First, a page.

He then launched Minerva Movietone in 1936. His early films at Minerva dealt with contemporary social issues such as alcoholism in Meetha Zaher (1938) and the right of Hindu women to divorce in Talaq (1938). Though the films did well, what attracted Modi was the historic genre. Minerva Movietone became famous for its trilogy of historical spectaculars that were to follow - Pukar (1939), Sikander (1941) and Prithvi Vallabh (1943), wherein Modi made the most of his gift for grandiloquence to evoke historical grandeur.
Pukar was set in the court of the Mughal Emperor Jehangir and is based on an incident, perhaps fictional, that highlights Jehangir's fair sense of justice. Many of the key scenes were staged in the magnificent courts and palaces of the Mughals, which gave the film an authenticity that studio built sets could never achieve. The charisma of its stars, Chandramohan and Naseem Bano, and Kamaal Amrohi's oration, with its literary flourish and innate grace, ensured the film's popularity.
Perhaps Modi's greatest film was Sikander, which immortalized Prithviraj Kapoor playing the title role. This epic film was set in 326 BC when Alexander the Great, having conquered Persia and the Kabul Valley, descends on the Indian border at Jhelum and encounters Porus (Modi), who stops the advance with his troops. Sikander's lavish mounting, huge sets, and production values equalled Hollywood's best, particularly in its rousing and spectacular battle scenes. The movie was rated by a British writer as "well up to the standard of that old masterpiece The Birth of a Nation
." Its dramatic, declamatory dialogue gave both Prithviraj Kapoor and Sohrab Modi free rein to their histrionic proclivities.
The release of the film coincided with World War II at its peak and in India the political atmosphere was tense following Gandhiji's call to Civil Disobedience. Sikander further aroused patriotic feelings and national sentiment. Thus, though Sikander was approved by the Bombay censor board, it was later banned from some of the theatres serving army cantonments. However, its appeal to nationalism was so great and direct, it remained popular for years. It was revived in Delhi in 1961 during the Indian March into Goa.
Prithvi Vallabh was based on K. M. Munshi
's novel of the same name. The film's major highlights were the confrontations between Modi and Durga Khote
, the haughty queen Mrinalvati, who tries to humiliate him publicly but then falls in love with him.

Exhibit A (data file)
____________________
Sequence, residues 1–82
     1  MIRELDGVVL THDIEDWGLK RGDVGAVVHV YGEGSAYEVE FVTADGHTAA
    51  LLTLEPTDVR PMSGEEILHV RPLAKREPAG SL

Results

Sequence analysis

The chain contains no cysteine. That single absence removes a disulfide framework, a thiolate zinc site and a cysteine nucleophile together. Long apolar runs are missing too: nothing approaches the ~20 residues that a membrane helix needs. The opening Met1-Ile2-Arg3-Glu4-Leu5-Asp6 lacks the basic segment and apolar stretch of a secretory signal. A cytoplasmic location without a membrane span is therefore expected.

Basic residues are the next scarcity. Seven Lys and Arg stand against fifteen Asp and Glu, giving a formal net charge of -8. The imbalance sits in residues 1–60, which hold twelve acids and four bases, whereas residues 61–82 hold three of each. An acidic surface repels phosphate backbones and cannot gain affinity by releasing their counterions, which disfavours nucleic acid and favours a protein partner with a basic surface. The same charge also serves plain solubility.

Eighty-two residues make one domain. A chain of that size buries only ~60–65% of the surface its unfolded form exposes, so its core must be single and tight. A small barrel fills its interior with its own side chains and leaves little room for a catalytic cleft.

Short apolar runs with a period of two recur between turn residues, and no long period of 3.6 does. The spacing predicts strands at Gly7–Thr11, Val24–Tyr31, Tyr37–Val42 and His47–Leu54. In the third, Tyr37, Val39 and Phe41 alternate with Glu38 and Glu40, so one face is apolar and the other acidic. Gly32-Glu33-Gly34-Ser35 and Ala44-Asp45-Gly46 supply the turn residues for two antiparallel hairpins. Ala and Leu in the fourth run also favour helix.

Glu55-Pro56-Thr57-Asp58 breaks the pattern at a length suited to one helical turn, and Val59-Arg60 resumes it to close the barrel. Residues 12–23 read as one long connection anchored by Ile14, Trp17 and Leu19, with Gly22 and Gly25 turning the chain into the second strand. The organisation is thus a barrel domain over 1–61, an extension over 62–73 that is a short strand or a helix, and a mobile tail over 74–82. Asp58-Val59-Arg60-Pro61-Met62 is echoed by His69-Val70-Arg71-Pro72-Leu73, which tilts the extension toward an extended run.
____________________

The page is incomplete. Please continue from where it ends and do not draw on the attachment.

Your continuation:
Although Modi went beyond Parsee theatre with such themes as illicit passion (Jailor
(1938), remade in 1958) and incest (Bharosa (1940)), his formal approach still remained tied to the theatre. He re-created the look and sound of Parsee theatre by using frontal compositions and staging the narrative in spatial layers with copious use of Urdu dialogue.
In 1946 after his relationship with Naseem had run its course (though she continued to work with him in Sheesh Mahal (1950) and Nausherwan-e-Adil (1957)), he married Mehtab, an actress 20 years his younger who he had directed in Parakh (1944).
In 1950, when Sohrab Modi's Sheesh Mahal was being screened at Minerva Theatre in Bombay, the actor was present at the hall. Mr. Modi noticed a man sitting in the front row with closed eyes. Upset with such a reaction, he asked an attendant to let the viewer out and to return his money. The employee came back to say that the person was blind but had come just to hear Sohrab Modi's lines.
For Jhansi ki Rani (1953), India's first Technicolor Film, Modi had technicians flown in from Hollywood. Mehtab starred as the young queen of Jhansi who took up arms against the British during the Mutiny of 1857 with Modi essaying the role of the Rajguru, her chief advisor. The film was notable for its authenticity in creating the right period and delineating historical events, its spectacular battle scenes and Mehtab's stirring performance though she was far too old for the role. She achieves stirring dignity in the role as she vows to protect Jhansi from all enemies both within and without. The ball sequence in Jhansi's palace was superbly shot and Modi's characters held great emotional appeal. Sadly the film failed to connect with the audience and was a costly misfire for Modi as a box office crash.
Modi however bounced back with Mirza Ghalib (1954). The film, based on the life of the great Indian poet who lived during the reign of Bahadur Shah Zafar, the last of the Mughal Emperors, won the President's Gold Medal for Best Feature Film of 1954. The film beautifully captured the mood of the period, its hedonistic pursuits and the fading magnificence of the court of the last Mughal, where poets like Zauq, Momin, Tishna, Shefta and Ghalib assembled to recite their verse. Mirza Ghalib also saw Suraiya's finest dramatic performance as she embodied the role of the married Ghalib's lover, a courtesan. Ghalib also saw some of her finest singing - "Aah ko Chaihiye Ek Umar," "Nuktacheen Hai Gham-e-Dil," "Dil-e-Nadaan Tujhe Hua Kya Hai," "Yeh Na Thi Humari Kismet," etc. Her singing is to date regarded as the definitive portrayal of Ghalib. In fact India's then Prime Minister Jawaharlal Nehru paid her the ultimate compliment by telling her she had brought Mirza Ghalib to life. ("Tumne Mirza Ghalib ki Rooh ko Zinda Kar Diya")
Though Kundan (1955), Nausherwan-e-Adil and Jailor (1958) had their moments, particularly the latter in which Modi gave a chilling portrayal of a rational man turned into a tyrant, Modi's later films did not reach the heights of his earlier work.
In 1960 he was a member of the jury at the 10th Berlin International Film Festival
Sohrab Modi received the Dadasaheb Phalke Award
in 1980. He was the tenth recipient of the award. In 2005, the Phalke medallion and some ceramic pieces from Modi's Cuffe Parade home were sold to Mumbai's most resourceful and notorious antiques market, Chor Bazaar
Sohrab Modi died of cancer on 28 January 1984 at the age of 86.